Valeriy Sokolov at the RNCM

Posted on January 28, 2010

Young violinist Valeriy Sokolov is quite a hot property this year. Manchester Camerata has him booked to play Beethoven’s concerto at the Bridgewater Hall on March 13, and then the Hallé have him to do the Sibelius on April 15.  But Manchester Chamber Concerts Society got in first, and presented him in recital with his pianist colleague Evgeny Izotov at the Royal Northern College of Music on Monday night.  His concert was reviewed on

“So what’s the fuss about? He’s a wonderful technician in the classic mould – nothing seems too difficult, every note emerges polished and glowing. It helps if you have a 1703 Stradivarius to play on, of course.

His opening Bach sonata (C minor, BWV 1017) was a demonstration of the 20th century way to play. Slightly odd, in a way, that 18th century music played on an 18th century violin should sound so modern, and there was no concession to period purism here. Seductive vibrato, clean part-playing, careful articulation and calculated ‘terrace’ dynamics were the order of the day, and Izotov remained subservient.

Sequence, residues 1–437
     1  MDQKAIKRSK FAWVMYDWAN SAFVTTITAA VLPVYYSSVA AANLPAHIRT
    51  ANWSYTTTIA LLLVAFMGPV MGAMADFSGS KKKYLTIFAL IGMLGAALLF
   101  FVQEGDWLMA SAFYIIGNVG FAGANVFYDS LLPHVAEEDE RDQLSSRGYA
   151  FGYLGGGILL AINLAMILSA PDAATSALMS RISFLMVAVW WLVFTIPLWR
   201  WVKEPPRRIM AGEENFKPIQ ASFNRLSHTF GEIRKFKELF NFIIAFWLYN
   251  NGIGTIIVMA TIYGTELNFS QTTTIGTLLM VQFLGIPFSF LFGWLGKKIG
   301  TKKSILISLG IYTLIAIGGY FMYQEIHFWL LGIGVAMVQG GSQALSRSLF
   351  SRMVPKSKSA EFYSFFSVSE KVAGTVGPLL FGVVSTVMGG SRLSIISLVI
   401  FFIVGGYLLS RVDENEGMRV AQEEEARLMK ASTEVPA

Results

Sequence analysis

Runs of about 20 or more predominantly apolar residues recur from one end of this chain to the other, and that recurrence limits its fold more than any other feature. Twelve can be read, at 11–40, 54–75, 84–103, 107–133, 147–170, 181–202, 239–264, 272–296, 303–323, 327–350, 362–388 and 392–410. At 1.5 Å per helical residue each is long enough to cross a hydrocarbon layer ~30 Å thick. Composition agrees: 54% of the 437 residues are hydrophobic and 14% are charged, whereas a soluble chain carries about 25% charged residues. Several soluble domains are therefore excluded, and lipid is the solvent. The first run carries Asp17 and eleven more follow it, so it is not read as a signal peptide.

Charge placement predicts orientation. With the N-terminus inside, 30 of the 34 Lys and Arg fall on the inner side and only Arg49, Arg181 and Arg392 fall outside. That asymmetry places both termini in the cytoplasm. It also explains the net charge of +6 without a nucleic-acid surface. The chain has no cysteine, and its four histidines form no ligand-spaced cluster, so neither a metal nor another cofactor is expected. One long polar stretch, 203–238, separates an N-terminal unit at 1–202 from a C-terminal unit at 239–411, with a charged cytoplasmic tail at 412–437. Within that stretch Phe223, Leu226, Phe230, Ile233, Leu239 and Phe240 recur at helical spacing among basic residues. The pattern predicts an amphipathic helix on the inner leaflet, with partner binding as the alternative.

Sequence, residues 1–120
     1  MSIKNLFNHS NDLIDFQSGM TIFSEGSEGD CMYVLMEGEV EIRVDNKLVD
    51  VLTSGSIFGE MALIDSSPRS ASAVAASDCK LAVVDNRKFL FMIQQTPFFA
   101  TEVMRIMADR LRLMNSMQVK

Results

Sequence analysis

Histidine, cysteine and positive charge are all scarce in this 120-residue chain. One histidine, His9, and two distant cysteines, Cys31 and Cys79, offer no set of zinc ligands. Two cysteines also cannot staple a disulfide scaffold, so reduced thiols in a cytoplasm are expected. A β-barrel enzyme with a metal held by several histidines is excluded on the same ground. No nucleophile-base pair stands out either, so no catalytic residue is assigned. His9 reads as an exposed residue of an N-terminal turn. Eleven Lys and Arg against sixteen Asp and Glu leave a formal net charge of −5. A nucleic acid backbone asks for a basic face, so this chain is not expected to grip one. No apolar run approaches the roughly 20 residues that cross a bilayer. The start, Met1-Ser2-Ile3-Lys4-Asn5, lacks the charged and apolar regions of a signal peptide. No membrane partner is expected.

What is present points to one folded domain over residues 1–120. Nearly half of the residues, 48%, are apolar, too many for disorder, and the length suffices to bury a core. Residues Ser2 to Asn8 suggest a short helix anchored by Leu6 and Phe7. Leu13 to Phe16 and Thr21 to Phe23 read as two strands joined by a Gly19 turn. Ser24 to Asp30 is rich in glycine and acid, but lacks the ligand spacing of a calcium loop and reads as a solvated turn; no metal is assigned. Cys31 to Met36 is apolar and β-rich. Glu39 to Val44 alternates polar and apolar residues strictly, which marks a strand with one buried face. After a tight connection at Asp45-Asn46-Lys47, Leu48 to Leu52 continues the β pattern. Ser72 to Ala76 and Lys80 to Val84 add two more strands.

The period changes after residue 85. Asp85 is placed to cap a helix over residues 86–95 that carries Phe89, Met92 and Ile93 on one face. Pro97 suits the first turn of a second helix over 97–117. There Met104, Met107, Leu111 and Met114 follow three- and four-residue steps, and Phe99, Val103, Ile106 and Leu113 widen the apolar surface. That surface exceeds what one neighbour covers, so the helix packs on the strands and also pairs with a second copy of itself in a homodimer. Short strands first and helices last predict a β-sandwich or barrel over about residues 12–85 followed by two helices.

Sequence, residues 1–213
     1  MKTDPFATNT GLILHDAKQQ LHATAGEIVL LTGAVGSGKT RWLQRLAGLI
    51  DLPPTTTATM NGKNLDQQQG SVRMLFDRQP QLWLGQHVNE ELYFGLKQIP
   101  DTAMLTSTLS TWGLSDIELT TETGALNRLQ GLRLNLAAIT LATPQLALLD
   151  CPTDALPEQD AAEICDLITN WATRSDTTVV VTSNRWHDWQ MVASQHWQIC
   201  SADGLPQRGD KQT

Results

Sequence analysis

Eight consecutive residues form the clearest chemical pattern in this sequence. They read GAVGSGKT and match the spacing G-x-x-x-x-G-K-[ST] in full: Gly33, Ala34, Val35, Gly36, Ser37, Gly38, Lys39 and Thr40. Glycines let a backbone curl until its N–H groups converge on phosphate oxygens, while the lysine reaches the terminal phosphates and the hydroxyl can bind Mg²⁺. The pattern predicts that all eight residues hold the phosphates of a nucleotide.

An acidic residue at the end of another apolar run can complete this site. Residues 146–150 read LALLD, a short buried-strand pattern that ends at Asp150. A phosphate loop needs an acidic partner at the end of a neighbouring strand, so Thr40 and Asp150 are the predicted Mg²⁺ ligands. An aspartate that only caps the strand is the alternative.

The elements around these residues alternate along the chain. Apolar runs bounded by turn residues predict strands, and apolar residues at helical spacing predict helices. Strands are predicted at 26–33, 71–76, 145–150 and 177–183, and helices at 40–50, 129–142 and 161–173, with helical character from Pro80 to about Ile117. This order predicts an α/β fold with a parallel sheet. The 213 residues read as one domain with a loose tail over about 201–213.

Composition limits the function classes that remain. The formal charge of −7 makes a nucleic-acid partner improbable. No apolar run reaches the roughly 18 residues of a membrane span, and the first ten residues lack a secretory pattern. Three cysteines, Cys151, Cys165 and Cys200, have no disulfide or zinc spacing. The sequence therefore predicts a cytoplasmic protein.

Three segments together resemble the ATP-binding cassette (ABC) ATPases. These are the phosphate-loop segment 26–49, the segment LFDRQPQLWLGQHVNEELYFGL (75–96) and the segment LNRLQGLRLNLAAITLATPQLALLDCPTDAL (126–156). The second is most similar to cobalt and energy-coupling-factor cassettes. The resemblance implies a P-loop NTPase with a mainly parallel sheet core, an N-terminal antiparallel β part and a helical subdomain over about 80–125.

Schubert’s sonata in A major (D574) gave more opportunity for that lovely and elegant tone, and if there was little magic in the gentle moments, there was evidence of Sokolov’s genuine enjoyment of Schubert’s energetic scherzo.

The meat of the programme, though, was to be in Prokoviev’s massive, almost symphonic, sonata no. 1 in F minor. The duo preceded it with the same composer’s Five Melodies (op. 35b), which had their gorgeous and tender moments.

But the sonata calls for inspiration and passion as well as virtuosity, on the part of both players, and they rose to it. Sokolov characterised the will-o’-the-wisp scales at the end of the first movement memorably – they play their part again at the close of the work – and the duo achieved some real textural subtlety in the lyrical Andante.”